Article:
Adding to the rapidly growing list of multi-functional malware, a particularly nasty – and unique — data-destroying malware tool has been discovered that combines botnet, coin mining, ransomware, and self-propagation capabilities.
The malware, which researchers at Palo Alto Network's Unit 42 group has named Xbash, is targeting Linux and Windows servers and contains capabilities that when fully implemented can help it spread very quickly inside an organization's network.
Researchers from Palo Alto Network say their analysis shows the malware is being used to target Linux servers for their ransomware and botnet capabilities, and Windows servers for coin mining and self-propagation purposes.
Xbash's ransomware capabilities are designed to target and delete Linux-based databases. Worse, the malware appears to contain no functionality at all for helping victims recover lost data in the event they end up paying the demanded ransom.
So far, at least 48 victims have paid a total of $6,000 to the attackers, but there is no evidence that any of them were able to recover data that Xbash might have deleted, Palo Alto Networks said in an advisory Monday.
"Taken as a whole, we've not [before] seen this combination of ransomware, coinmining, worm capabilities, and targeting both Linux and Windows systems," says Ryan Olson, vice president of threat intelligence at Unit 42.
The malware appears to be the work of Iron Group, a threat actor associated with previous ransomware attacks and for spreading cryptocurrency mining tools mostly in Windows environments. With Xbash, the group appears to have broadened their targets to include Linux systems as well.
Unlike other recent Linux malware such as Gafgyt and Mirai, which scan for vulnerable devices using randomly generated IP addresses, Xbash scans for them also by domain name. The capability makes it harder for defenders to spot Xbash using honeypots, which are typically deployed with IP addresses only.
"Xbash uses a list of IP addresses and domains provided by its C2 to scan for specific open ports, weak credentials, or three known vulnerabilities in Hadoop, Redis and ActiveMQ — which it uses for self-propagation," Olson notes.
Two of the three vulnerabilities have no formal CVE number assigned to them. One of them is an unauthenticated command execution flaw in Hadoop YARN that was first disclosed in October 2016; the Redis flaw is from October 2015 and gives attackers a way to remotely execute files of their choice on a target machine. The third-flaw — n Active MQ — enables arbitrary file writes and has an assigned CVE number (CVE-2016-3088).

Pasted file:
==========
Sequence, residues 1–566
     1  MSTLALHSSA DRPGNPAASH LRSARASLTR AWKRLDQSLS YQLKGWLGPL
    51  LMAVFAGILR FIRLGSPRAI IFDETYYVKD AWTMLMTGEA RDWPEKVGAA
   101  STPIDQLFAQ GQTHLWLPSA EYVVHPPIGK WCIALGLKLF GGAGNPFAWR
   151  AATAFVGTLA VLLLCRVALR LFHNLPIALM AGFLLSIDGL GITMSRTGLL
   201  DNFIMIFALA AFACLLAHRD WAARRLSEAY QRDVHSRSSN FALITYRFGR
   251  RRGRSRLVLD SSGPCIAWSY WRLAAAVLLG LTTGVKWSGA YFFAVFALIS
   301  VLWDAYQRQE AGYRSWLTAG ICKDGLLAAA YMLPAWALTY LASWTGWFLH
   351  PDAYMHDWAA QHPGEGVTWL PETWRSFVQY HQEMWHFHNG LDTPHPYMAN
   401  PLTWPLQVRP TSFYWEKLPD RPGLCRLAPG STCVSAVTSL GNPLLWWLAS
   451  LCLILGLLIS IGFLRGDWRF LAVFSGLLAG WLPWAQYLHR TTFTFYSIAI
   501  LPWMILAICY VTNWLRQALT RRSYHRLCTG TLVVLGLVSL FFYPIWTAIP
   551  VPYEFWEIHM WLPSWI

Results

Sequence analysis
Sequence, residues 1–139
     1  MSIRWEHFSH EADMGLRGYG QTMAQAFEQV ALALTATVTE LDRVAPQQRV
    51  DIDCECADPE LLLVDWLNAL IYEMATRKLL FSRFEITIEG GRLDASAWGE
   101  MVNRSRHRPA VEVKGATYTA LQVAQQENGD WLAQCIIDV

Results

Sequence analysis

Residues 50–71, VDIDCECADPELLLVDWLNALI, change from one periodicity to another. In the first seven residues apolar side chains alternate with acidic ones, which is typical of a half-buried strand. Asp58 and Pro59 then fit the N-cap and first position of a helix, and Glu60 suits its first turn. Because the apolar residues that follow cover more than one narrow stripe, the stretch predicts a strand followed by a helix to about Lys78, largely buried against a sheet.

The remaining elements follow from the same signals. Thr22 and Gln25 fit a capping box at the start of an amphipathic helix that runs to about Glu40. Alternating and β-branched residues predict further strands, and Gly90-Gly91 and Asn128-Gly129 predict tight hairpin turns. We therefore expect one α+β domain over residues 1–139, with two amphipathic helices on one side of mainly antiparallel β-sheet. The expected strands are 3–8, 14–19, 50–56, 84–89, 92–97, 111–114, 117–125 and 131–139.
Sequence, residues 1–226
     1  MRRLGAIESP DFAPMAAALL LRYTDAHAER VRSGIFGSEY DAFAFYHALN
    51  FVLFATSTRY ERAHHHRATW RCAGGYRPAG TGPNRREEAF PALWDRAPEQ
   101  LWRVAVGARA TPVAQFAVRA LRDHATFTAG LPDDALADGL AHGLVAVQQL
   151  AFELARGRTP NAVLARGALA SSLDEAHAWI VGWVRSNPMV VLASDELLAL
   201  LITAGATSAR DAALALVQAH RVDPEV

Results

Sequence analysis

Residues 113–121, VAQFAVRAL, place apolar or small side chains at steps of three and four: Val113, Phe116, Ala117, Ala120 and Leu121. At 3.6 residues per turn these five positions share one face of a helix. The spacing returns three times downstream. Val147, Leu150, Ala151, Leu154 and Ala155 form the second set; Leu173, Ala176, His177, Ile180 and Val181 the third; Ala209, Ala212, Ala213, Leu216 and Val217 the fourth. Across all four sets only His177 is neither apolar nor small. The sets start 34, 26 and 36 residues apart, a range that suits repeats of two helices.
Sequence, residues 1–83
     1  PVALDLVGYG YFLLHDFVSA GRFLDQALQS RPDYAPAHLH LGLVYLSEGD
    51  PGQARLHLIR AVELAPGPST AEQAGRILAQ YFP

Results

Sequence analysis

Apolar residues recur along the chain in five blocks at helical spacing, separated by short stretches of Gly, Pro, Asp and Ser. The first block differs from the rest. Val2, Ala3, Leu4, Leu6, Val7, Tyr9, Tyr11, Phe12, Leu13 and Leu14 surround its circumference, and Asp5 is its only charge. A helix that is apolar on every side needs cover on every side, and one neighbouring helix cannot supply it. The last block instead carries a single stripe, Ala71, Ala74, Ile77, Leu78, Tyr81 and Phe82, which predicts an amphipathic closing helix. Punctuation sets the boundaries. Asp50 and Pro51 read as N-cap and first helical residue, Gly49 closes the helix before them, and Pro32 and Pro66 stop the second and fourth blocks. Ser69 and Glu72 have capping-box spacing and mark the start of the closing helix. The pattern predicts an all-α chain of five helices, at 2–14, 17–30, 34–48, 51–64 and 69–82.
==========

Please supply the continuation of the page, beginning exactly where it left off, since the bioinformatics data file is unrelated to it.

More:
When it is exploiting a vulnerable Redis instance, Xbash is capable of determining whether it is running on a Windows system so the malware can then download and execute a coinminer it.
If the target that Xbash is scanning happens to be an IP address, it tries to scan multiple UDP and TCP ports. Among them are ports used by HTTP services, VMC, MySQL, Telnet, FTP, NTP, DNS and LDAP. If certain ports happen to be open—such as those used by VNC, MySQL and PostgreSQL—the malware uses a weak username and password dictionary—to brute force its way into the service.
"Xbash uses weak passwords in its attacks against both Windows systems and Linux services," Olson says. "It uses both a built-in dictionary and also updates from its C2 server with an additional set of weak passwords."
When Xbash breaks into a service such as MySQL or MongoDB, it immediately deletes almost all the databases on the server and serves up a ransom message. "Because the malware deletes the databases based on brute forcing weak credentials for specific services, it could also happen on Windows with the same open ports/services and weak credentials," Olson warns.
Shades of WannaCry, NotPetya
The samples of Xbash that researchers at Palo Alto Networks analyzed show that the authors of Xbash are developing a new capability that will let the malware scan infected networks for other vulnerable servers. The capability has not yet been enabled, but if it is, Xbash will be able to spread quickly within an infected network like the WannaCray and Petya/NotPetya ransomware did.
For organizations, multi-functional and highly modular malware tools are quickly becoming a new threat. In recent weeks, several security vendors have issued warnings about malware tools capable of carrying out multiple malicious functions or of being modified after installation to do different things.
Proofpoint, for instance, recently warned about AdvisorsBot and Marap, two modular tools that allow criminals to add new functions to malware that has already been installed on a system. In an August advisory, Kaspersky Lab said it had observed a near doubling of multipurpose Remote Access Tools being distributed via botnets over the past 18 months or so, from 6.5% to 12.2%.
The trend highlights the need for a more high-level approach to defending against threats. "Organizations and defenders are better off focusing on prevention than specific threats," Olson notes. "A threat-based approach against Xbash would require multiple threats against multiple vectors, which is not scalable and is inherently advantageous to the attackers."
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